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Charity and Esther’s Narrative

Charity and Esther’s Narrative

We’re excited that you’ve joined the conversation! At HMU, we want to continue the great authors’ conversations in a contemporary context, and this blog will help us do that. We look back to Aristotle and the early philosophers who used reason and discourse to gain wisdom and now we endeavor to do the same every day.

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January 12, 2024

Thanks to Alissa Simon, HMU Tutor, for today’s post.

It is impossible to continue our conversation of charity, without a brief exploration of Esther’s Narrative. Chapter 13 of Bleak House is titled “Esther’s Narrative” and is the first of eleven chapters dedicated to her story. Though it purports to be about Esther, the chapter actually begins with a discussion of Richard’s vocation. Esther, in her usual humble manner, claims that it might have been good for guardians or educators to put more effort into discovering Richard’s preferences, rather than forcing him down an intentionless path. Richard was a good student but never learned to apply himself and as a result has trouble motivating himself to find a profession now.

After much discussion, Richard decides upon a medical path, and so the four (Ada, Esther, Richard and Mr. Jarndyce) make a visit to Mr. Badger, a medical doctor who intends to mentor Richard. The strangeness of this visit cannot be overstated. Much time and discussion is dedicated to the fact that Mr. Badger turns out to be Mrs. Badger’s third husband. The Badgers repeatedly invoke the prior two dead husbands as if deities until they become felt presences for the reader and everyone else. Upon leaving the Badgers’ house (perhaps even inspired by the Badgers talk of love), Ada and Richard finally confess their love to Esther. Esther, ever unruffled, promises to speak to Mr. Jarndyce about it.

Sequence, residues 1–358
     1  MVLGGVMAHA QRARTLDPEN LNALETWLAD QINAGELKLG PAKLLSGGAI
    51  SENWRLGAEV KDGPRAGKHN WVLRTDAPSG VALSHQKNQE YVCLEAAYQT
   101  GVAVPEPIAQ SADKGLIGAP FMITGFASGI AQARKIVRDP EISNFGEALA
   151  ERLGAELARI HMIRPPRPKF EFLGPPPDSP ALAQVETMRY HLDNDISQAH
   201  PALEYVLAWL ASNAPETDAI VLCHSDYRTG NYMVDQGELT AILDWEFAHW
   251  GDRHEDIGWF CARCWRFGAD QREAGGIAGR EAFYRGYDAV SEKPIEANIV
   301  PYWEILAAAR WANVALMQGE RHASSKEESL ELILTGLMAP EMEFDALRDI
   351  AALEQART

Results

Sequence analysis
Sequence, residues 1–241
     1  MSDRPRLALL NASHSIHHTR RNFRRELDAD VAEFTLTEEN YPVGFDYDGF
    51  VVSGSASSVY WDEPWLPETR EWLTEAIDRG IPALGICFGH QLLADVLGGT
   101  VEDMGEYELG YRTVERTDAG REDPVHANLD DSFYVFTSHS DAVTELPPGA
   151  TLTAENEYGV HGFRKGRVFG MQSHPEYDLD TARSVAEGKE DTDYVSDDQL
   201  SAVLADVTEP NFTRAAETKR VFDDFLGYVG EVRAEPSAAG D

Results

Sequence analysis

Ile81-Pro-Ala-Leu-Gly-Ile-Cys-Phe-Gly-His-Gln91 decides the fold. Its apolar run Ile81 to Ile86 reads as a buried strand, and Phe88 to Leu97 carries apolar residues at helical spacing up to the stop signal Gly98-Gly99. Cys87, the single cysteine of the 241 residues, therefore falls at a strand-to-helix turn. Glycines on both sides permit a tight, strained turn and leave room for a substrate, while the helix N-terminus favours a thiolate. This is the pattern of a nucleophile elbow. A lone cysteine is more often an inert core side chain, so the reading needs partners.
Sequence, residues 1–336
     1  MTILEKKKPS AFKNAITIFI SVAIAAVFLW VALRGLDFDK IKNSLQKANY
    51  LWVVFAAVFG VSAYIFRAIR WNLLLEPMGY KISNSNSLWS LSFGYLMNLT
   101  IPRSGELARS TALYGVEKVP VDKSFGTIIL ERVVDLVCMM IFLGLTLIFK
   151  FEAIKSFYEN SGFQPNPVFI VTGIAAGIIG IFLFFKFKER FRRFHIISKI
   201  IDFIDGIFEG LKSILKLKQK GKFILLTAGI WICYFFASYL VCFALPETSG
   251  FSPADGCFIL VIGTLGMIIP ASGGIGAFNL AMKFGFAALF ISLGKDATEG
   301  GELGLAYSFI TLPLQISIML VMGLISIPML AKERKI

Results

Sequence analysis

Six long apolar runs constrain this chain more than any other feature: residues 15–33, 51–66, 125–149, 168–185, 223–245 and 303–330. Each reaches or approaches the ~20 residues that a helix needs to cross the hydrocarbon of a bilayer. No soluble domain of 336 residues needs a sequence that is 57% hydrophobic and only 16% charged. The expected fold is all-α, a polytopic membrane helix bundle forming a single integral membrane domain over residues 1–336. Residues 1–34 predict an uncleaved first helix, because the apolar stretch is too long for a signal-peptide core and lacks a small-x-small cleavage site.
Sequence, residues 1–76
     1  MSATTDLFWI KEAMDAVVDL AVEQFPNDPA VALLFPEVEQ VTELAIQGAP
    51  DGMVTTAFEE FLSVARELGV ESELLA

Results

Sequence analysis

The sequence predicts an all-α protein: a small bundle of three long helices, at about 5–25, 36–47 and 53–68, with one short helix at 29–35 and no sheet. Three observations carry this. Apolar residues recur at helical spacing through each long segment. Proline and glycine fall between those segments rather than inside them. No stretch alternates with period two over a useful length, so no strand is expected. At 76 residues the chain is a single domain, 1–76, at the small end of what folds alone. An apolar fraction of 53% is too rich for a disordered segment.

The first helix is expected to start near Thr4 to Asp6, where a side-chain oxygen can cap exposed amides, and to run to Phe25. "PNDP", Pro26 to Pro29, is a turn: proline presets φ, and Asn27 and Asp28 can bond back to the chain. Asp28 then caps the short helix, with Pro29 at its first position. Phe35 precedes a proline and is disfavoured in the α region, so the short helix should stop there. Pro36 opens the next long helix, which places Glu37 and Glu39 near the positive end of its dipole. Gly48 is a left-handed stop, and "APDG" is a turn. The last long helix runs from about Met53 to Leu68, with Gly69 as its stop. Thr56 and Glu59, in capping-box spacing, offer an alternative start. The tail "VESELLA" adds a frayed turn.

The love affair of Richard and Ada is only peripherally relevant to Esther, however. Chapter 13 also includes a bit more about Mr. Guppy who claims to have fallen in love with Esther. His unwanted attentions toward Esther border on creepy and make her feel very ill at ease. Finally, the chapter ends with an enigmatic little paragraph which feels like more private than all the rest. Esther writes:

“I have omitted to mention in its place that there was some one else at the family dinner party. It was not a lady. It was a gentleman. It was a gentleman of a dark complexion – a young surgeon. He was rather reserved, but I thought him very sensible and agreeable. At least, Ada asked me if I did not, and I said yes.”

Esther speaks about others with such awareness, yet her personal story is much more closely guarded. Perhaps the silence in this enigmatic aside tells us more than the words. Still, we must ask the following questions:

1] What themes run throughout “Esther’s Narrative”?

2] What is Esther’s narrative?

3] Who is Bleak House about and why? (Perhaps, compare this chapter with the introductory paragraph of Chapter 9, “Signs and Tokens”)